Network Monitoring Tools

What are your daily duties as the network administrator? You have to keep your network up and running. You have to answer calls like “X location is down” or “Y location is so slow”. You should monitor your network as described below to fulfill your tasks.

  • You should monitor your network and react to device and line failures.
  • You should analyze line utilizations, errors on the line and be sure about network performance.
  • You should be aware of who talk with whom? How much bandwidth needed for every single application?
  • And sometimes you need to see exact data flow over the network.

If you have all these information people think twice before blame the network for every problem. How can you achieve this?
We need a layered approach to understand network monitoring. I am not talking about network layers but network monitoring layers? We have to involve closely to monitoring layers before decide about network monitoring software needs. A simple summary could be like below.

  • Preconditions of network monitoring.
  • Up/Down monitoring
  • Performance Monitoring / SNMP monitoring
  • Who talk with whom / Netflow monitoring
  • Data capture / Data sniffing

Preconditions of Network Monitoring
Network documentation is essential to monitor a network. Try set up network monitoring tools before documentation is just wasting time. You will see everything green on the screen but maybe while some of the redundant lines were down. And you will sit there, like a dumb without any alerts.
Documentation comes first.

Suggested tools: Powerpoint/Visio, NetViz

Up/Down monitoring
You have a map and some red and green lights on it. Green means up. Red means down. It is simple but powerful. You can immediately become aware of something goes down.
This is based on ping. Almost every IP devices support echo/echo reply. So you can monitor all IP devices in your network by using ping. To go one step further, you can monitor one application on a device instead of whole device. All network applications use TCP/UDP ports. You can monitor the applications by trying to telnet its TCP/UDP ports and if the port is open it means application is running.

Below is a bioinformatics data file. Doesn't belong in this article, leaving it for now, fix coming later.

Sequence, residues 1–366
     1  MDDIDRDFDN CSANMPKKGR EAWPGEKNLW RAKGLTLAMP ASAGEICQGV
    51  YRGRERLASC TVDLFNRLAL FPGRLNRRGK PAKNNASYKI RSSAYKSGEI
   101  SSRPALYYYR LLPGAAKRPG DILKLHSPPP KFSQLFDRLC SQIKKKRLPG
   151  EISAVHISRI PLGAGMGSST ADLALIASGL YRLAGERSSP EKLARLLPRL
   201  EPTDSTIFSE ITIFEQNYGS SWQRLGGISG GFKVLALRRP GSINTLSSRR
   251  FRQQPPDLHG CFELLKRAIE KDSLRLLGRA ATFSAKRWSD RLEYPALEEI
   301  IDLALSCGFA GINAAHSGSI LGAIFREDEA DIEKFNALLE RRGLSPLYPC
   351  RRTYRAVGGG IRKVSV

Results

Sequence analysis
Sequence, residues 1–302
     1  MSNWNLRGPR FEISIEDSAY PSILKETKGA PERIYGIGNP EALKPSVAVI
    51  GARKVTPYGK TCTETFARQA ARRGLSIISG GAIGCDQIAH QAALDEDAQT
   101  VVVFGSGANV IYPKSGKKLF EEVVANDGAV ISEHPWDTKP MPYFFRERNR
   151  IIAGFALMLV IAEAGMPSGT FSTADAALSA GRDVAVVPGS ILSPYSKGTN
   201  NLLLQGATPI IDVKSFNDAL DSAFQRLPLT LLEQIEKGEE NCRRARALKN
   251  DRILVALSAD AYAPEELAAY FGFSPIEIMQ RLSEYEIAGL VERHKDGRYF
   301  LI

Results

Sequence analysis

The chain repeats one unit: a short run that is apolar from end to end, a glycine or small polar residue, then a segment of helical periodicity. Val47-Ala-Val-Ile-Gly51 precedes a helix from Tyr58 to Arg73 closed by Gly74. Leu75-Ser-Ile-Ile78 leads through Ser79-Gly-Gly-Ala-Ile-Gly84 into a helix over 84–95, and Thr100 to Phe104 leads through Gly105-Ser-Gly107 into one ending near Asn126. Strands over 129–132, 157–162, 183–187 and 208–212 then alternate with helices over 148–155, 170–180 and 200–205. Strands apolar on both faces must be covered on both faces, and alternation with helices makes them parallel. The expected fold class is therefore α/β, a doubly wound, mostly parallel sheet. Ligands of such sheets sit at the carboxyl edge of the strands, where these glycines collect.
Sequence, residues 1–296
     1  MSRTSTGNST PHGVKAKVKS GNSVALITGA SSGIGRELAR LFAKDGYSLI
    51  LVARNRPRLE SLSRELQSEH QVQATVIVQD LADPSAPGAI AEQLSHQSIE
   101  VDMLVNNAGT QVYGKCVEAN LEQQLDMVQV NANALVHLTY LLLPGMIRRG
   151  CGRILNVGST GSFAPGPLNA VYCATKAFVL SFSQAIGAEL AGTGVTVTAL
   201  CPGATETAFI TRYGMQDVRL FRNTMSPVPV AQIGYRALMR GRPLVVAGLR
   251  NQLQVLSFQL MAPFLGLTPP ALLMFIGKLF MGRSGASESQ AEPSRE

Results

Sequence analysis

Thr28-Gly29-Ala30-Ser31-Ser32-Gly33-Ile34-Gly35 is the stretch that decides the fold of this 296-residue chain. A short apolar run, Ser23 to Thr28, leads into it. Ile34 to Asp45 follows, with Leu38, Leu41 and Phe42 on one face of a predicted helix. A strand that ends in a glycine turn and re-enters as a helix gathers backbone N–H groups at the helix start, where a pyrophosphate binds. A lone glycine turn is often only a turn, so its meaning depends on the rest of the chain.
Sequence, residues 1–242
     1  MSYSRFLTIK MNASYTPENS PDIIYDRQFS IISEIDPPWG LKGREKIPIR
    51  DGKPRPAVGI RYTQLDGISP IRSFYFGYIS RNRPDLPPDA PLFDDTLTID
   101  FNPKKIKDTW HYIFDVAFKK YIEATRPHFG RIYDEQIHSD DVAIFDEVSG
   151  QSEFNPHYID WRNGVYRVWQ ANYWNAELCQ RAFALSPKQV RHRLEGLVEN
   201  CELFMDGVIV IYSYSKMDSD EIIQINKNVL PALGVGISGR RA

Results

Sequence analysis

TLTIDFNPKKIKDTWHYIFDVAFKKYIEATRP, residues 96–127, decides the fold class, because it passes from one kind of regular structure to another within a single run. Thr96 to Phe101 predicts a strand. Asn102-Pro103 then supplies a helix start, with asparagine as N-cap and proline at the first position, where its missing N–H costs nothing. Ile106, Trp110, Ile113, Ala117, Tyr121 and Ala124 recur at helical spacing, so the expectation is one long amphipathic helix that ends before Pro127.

Suggested tools: WhatsupGold, nmap

Performance monitoring / SNMP monitoring
The lines are up, the devices are up but life is not perfect. People complain about performance of data lines. Are they saturated? Do we have package losses on the lines? Are routers running out of memory? We need SNMP to monitor heart beat of the network.

Suggested tools: MRTG, Solarwinds Orion, PRTG

Who talk with whom / Netflow monitoring
You realized that the line is full. Someone / some applications make a high load of traffic. Who are they? Is it necessary traffic? In Cisco devices by using “ip accounting” command we can have an idea for current traffic sources and destinations. Nevertheless to analyze and to optimize the traffic we need flow monitoring. We need to know source and destination IP addresses and TCP/UDP ports and number of packages/bytes.
Everyone blame the network for slowness until you publish the network usage report which shows only 15% of the traffic is ERP traffic and rest is Internet access.
You should know that flow monitoring tools requires more server resources for the huge data they collect.

Suggested tools: Fluke Netflow monitor, Paasler

Data capture / RMON – Sniffer tools
Sometimes you need to see the exact data flow on the line instead of information about it. Just have a look to this sample scenario. After you find out the web service cause inappropriately high network traffic, the owner of the application just can say “No, we are not pushing this much of data to network. We just respond Yes or No in this web service and it is just 100 bytes” .Here you need to sniff the data flow on the line. Maybe you will find that web service respond yes or no (100 bytes) and the definition of web service (6 kilobytes).

Suggested tools: Wireshark,Gigamon

Standalone or stackable Cisco switches do not support NetFlow

NetFlow is a must have technology suitable for mid size to enterprise companies. Nowadays, it has become an IEEE standard as IPFIX (Internet Protocol Flow Information eXport). We will be able to find NetFlow technology support on any brand in the market soon. However, which devices of Cisco itself supports NetFlow technology?

All routers including the oldest (e.g. Cisco 2500 series) and smallest (e.g. Cisco 800 series) support NetFlow. Some functions does not exist in older IOS versions.
Catalyst 6500 series switches support NetFlow. Catalyst 4500 series switches support NetFlow with Supervisor IV/V + WS-F4531 Catalyst 4500 NetFlow Services Card.

Standalone or stackable switches do not support NetFlow. This means Catalyst 4948, Catalyst 3750 or Catalyst 3560 series switches do not support NetFlow. You can see the necessary commands on config mode, but they are not effective. It is not about IOS version or feature set. You need a modular switch for NetFlow.

Unfortunately, the answer of “What Cisco switches support netflow?” is only the modular switches.